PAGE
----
You know the old joke about a Monet looking better from afar? Well, so it is that my favorite shot from Silent Light is a dissolve into a blurry pastoral landscape, reminiscent of one of Monet’s impressionist paintings, but as a pink flower comes slowly into focus, so does Carlos Reygadas’s synthetic take on spiritual struggle. A work of singular cinematographic splendor, Silent Light is also a regression for Reygadas as an artist, theorist, and activist. Essentially a succession of passive, postcard-pretty shots of Chihuahua, Mexico, the film tells the impossibly muted story of a marriage coming undone because of a Mennonite man’s affair with another woman, evincing none of the sexual danger and philosophical and political complexities of Japón and Battle in Heaven.
“The pure feeling of being alive,” someone remarks, as if commenting on the very fiber of the film, whose images are pleasing on a virtuostic level but whose insights are surprisingly flimsy. Reygadas’s camera suggests the center of the universe, around which the world and its people move, but this captive relationship is a calculated one—something of a bone for that “pure” cinema enthusiast Pauline Kael railed against in “Zeitgeist and Poltergeist; Or, Are the Movies Going to Pieces?” It is not uncommon in the film for flies to cling to people’s faces, though none are ever swiped away—either because the Mennonites suffer from the same impaired motor function of Napoleon Dynamite and Nacho Libre‘s Mexicans or Reygadas believes that such resistance is emblematic of spiritual poise.
Reygadas, a wonky impressionistic filmmaker, prioritizes aesthetics above social inquiry throughout the film, presenting the lives of his reclusive Mennonite community as something out of the imagination of Grant Wood. The lives of the film’s characters are subordinate to the creative obsessions of the filmmaker, who, like Bruno Dumont, exploits the inexpressiveness of his obviously unprofessional cast, none of whom believably convey even the idea of emotional anguish. The Mennonite children are darling and expressive in their innocence, and a scene set at a bathing pool near the family’s home is a tender and visually kaleidoscopic evocation of family ties, but Reygadas levels with the adults differently. From them, Reygadas demands actual thesping, and they give back nothing but blank expressions and the occasional waterworks. Of course, there’s no reason to think their tears are at all real: Given Reygadas’s propensity for staying in media res, one imagines the film’s prop or makeup person applying drops of saline solution onto the actors’ faces shortly before the director yells—or is it whispers?—“action.”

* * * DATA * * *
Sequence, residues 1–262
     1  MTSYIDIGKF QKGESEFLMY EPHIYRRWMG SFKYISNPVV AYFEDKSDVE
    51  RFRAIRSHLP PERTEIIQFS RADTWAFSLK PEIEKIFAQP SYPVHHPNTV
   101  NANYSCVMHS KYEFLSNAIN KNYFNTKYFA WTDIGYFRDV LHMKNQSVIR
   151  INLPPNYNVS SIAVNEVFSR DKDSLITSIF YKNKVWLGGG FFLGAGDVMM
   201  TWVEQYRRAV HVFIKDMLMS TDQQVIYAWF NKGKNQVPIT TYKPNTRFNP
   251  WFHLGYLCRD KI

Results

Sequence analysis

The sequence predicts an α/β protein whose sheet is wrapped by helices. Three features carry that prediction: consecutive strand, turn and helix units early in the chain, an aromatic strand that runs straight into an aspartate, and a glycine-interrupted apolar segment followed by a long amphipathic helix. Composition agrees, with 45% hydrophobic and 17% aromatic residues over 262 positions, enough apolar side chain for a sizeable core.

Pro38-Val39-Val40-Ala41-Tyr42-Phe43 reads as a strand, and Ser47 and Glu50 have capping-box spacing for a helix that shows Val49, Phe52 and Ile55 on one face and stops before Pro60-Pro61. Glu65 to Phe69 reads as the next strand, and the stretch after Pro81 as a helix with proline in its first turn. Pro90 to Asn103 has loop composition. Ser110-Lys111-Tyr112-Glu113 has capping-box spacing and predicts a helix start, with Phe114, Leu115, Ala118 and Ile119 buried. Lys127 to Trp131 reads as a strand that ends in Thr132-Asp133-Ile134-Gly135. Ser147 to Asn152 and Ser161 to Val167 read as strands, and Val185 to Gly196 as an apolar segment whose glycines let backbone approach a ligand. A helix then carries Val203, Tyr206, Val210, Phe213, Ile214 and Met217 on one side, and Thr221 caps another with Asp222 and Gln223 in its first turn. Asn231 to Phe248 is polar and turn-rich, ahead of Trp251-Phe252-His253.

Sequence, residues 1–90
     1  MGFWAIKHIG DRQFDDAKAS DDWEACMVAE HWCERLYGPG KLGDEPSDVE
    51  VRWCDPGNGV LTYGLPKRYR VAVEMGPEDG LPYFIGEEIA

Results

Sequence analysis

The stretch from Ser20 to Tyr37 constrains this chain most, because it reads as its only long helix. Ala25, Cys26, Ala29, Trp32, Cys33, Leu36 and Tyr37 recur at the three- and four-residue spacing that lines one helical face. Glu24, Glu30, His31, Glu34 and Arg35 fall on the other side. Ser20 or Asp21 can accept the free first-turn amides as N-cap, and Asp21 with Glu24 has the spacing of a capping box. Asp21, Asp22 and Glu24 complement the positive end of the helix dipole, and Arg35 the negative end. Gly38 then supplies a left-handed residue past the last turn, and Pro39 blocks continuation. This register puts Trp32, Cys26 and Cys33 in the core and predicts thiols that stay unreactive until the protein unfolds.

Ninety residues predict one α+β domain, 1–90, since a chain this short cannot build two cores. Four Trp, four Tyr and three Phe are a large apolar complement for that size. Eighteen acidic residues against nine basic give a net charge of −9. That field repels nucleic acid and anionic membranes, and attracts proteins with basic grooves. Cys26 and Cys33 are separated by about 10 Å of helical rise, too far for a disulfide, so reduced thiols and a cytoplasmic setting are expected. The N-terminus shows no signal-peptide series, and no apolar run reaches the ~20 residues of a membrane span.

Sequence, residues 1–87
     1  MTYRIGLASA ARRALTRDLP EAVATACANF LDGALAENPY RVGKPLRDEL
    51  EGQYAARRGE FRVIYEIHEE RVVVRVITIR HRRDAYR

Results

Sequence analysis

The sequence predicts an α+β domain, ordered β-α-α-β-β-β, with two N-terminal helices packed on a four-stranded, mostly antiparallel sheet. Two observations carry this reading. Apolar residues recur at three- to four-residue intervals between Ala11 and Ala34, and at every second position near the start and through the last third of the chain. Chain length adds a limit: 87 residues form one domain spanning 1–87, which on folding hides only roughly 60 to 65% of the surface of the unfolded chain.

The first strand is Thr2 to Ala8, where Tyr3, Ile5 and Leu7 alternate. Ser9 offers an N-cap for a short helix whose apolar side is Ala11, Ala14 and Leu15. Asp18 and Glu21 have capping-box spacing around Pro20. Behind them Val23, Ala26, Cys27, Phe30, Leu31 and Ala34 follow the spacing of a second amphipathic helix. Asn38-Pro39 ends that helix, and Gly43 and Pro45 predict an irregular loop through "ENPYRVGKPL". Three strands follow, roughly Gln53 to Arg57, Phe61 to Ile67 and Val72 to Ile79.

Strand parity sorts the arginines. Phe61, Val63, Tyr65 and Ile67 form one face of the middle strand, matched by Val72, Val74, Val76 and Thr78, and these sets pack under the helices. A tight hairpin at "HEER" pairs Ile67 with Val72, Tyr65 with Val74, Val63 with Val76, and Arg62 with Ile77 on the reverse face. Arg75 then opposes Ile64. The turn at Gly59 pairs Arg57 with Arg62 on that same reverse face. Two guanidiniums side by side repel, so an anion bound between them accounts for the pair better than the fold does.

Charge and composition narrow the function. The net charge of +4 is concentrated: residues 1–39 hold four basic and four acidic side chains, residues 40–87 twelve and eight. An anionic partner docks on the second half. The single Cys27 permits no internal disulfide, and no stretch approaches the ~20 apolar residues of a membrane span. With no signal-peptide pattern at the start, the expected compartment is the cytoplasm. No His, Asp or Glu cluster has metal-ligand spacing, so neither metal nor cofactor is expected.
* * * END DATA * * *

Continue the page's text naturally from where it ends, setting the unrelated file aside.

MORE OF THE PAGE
It’s unfortunate, at once depressing and funny, that the ballsy Battle in Heaven, a tragic story of a kidnapping that cannily zeroes in on the effects a country’s racial and class strife has on the consciousness of a lower-class people, gets called pretentious while this aloof, almost condescending study of emotional crisis and spiritual conviction gets a free pass. I can’t be the only one who thought Johan (Cornelio Wall Fehr), after sleeping with his mistress Marianne (Maria Pankratz), would find his children violated and/or cut to pieces after returning to the van where he inexplicably left them in the care of an American tourist with a taste for effete French musicians. But Silent Light never goes there, and its pretense to politeness is such that leaves fall from the ceiling during lovemaking and a woman transcends into the afterlife in the shape of a moth, amid the glow of a gorgeous sunset—Hallmark-ian evocations of spiritual belief.